[NFBOK-Talk] Blind Man Unable to Perform his Job Due to Inaccessible Software

Jeannie Massay jmassay1 at cox.net
Mon Mar 13 23:17:01 UTC 2017

Chris Danielsen
Director of Public Relations
National Federation of the Blind
(410) 659-9314, extension 2330
(410) 262-1281 (Cell)
cdanielsen at nfb.org <mailto:cdanielsen at nfb.org> 

National Federation of the Blind Supports Blind Healthcare Worker's
Discrimination Claim

Blind Man Unable to Perform his Job Due to Inaccessible Software

Boston (March 13, 2017): With the assistance of the National Federation of
the Blind, the nation's leading advocate for the civil rights of blind
people, Manuel G. Morse has brought suit in Suffolk County Superior Court
(Docket No. 1784CV00773) against his employer, Brigham and Women's Hospital,
Inc. (BWH); its corporate parent, Partners Healthcare Systems, Inc.; and
Epic Systems Corporation, a maker of software used at BWH and throughout the
healthcare industry. Mr. Morse's lawsuit alleges that he is unable to do his
job as a hospital dispatcher because Epic's software is not compatible with
the text-to-speech screen reading technology that he uses on his workplace
computer, and that his employer and Epic are aware of the problem but have
refused to take all appropriate steps to remedy it. Mr. Morse has been on
indefinite paid leave since May of 2015 because of this issue. His lawsuit
alleges violations of Mass. Gen. Laws ch. 151B, § 4, and the Massachusetts
Equal Rights Act (MERA).

Mark A. Riccobono, President of the National Federation of the Blind, said:
"While improvements to workplace technology can benefit all workers,
including the blind, if they are properly designed and implemented,
inaccessible technology can and does threaten the ability of blind people to
obtain and maintain employment. The problem is universal but is particularly
vexing in the healthcare sector, where one of the defendants in this lawsuit
is a leading provider of software being used in healthcare facilities. The
National Federation of the Blind is willing to work with any technology
vendor or employer who wishes to ensure that its technology can be used by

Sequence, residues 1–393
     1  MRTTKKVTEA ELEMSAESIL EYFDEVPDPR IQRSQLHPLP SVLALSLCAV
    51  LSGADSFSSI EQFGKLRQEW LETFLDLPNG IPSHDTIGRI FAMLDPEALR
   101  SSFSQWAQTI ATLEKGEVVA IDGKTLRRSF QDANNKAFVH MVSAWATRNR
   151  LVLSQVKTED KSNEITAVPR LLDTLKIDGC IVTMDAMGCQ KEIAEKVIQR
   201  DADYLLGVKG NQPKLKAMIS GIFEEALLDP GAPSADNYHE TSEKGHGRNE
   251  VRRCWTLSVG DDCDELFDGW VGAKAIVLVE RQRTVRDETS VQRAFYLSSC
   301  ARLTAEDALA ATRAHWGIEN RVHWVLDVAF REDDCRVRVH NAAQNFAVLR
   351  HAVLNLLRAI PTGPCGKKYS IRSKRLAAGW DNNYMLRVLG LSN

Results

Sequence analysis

everyone. At the same time, we cannot and will not tolerate unnecessarily
sidelining a skilled healthcare worker who is unable to do his job because
of a problem he did not create and was completely avoidable. We will fight
for Mr. Morse and for other blind people who find themselves in this
untenable situation."

Mr. Morse said: "Until May 27, 2015, I was a loyal, dependable, and
productive employee of Brigham and Women's Hospital who loved my job. I felt
that I was helping the hospital staff and patients and contributing to
society at large. Now I sit at home and wonder if I will be able to work
again. I am being compensated, but money is not the issue. I feel abandoned
by my employer and as if I have no purpose or value. Since my own efforts to
persuade my employers and Epic to act have failed, I must rely on the laws
and courts of Massachusetts to help me get back to work."

Mr. Morse is represented, with the support of the National Federation of the
Blind, by Christine M. Netski of the Boston firm Sugarman, Rogers, Barshak &
Cohen, P.C., and by Daniel F. Goldstein, Joseph B. Espo, and Albert Elia of
the Baltimore firm Brown, Goldstein & Levy LLP. 


About the National Federation of the Blind

The National Federation of the Blind knows that blindness is not the
characteristic that defines you or your future. Every day we raise the
expectations of blind people, because low expectations create obstacles
between blind people and our dreams. You can live the life you want;
blindness is not what holds you back.








National Federation of the Blind | 200 E Wells Street | Baltimore, MD 21230
| (410) 659-9314
766c000a7ec> Unsubscribe | Opt Out
766c000a7ec> | Sign up for email newsletter

200 East Wells Street
Baltimore, MD 21230
United States





-------------- next part --------------
An HTML attachment was scrubbed...
URL: <http://nfbnet.org/pipermail/nfbok-talk_nfbnet.org/attachments/20170313/d61a07bb/attachment.html>

More information about the NFBOK-Talk mailing list